Countdown on Climate Change

TED is a conference that features short but powerful talks from scientists, entertainers, teachers, and other thought leaders. Those giving TED talks have included luminaries such as Bill and Melinda Gates, Madeleine Albright, Bono, and many notable speakers. 

Countdown is a new global initiative from TED to accelerate solutions to the climate crisis. The Countdown talks were originally live streamed back on October 10th, but you can still watch the talks for free at

The Countdown talks are loosely arranged into five areas or topics: urgency, leadership, transformation, breakthroughs, and action. Under urgency, you will find talks like “Why is the world warming up?”, “The state of the climate crisis”, and “The case for stubborn optimism on climate”, among others. Leadership features “Kids are speaking up for the environment. Let’s listen”, “Europe’s plan to become the first carbon-neutral continent”, and “The city planting a million trees in two years”. 

Transformation includes “Where does all the carbon we release go?”, “Fossil fuel companies know how to stop global warming. Why don’t they?”, and “24 hours on Earth — in one image”. Under Breakthroughs, you will find “The global movement to restore nature’s biodiversity”, “Community-powered solutions to the climate crisis”, and “How we could make carbon-negative concrete”. Finally, action features “Why act now?”, “The race to net-zero emissions by 2050 is on. Can we count you in?” and a talk entitled “Our moral imperative to act on climate change — and 3 steps we can take” by none other than Pope Francis.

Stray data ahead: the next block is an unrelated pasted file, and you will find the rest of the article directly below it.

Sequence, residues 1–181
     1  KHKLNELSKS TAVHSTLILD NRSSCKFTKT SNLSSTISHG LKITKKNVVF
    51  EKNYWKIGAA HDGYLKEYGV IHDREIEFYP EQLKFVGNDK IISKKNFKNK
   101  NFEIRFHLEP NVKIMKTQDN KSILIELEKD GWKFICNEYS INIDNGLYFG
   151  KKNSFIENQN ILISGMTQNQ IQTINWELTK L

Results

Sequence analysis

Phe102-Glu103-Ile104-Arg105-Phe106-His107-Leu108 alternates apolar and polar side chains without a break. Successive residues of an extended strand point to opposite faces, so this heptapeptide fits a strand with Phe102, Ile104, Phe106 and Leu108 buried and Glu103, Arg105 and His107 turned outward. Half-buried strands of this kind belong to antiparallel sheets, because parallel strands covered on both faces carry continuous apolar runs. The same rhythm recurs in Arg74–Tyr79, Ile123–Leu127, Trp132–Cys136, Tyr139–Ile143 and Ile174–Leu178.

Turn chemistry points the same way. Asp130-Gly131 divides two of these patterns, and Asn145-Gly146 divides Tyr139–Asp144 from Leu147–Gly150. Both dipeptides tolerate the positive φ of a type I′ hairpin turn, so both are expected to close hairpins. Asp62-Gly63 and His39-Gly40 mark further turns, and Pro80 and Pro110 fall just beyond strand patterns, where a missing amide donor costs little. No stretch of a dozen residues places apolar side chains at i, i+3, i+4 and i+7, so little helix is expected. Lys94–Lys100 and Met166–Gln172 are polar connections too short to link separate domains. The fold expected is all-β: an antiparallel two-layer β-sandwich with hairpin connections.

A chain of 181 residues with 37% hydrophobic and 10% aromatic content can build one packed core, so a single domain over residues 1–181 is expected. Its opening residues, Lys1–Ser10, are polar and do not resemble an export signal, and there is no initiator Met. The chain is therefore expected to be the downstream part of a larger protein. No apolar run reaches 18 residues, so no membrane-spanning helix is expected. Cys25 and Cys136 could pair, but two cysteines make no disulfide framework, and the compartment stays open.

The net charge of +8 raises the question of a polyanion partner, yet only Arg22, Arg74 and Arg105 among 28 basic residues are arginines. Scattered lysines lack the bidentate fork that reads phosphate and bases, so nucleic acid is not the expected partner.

The Countdown talks I have already watched have been both inspiring and educational and I am planning to dig in and watch them all. In fact, I am hosting a series of virtual meetings to watch and discuss the Countdown talks in the coming weeks. The first TED Countdown discussion meetup will be held Sunday, November 29th from 3-4:30 pm. Please consider joining us by RSVPing at

Working together, we can help take care of our common home. 

Paul Litwin

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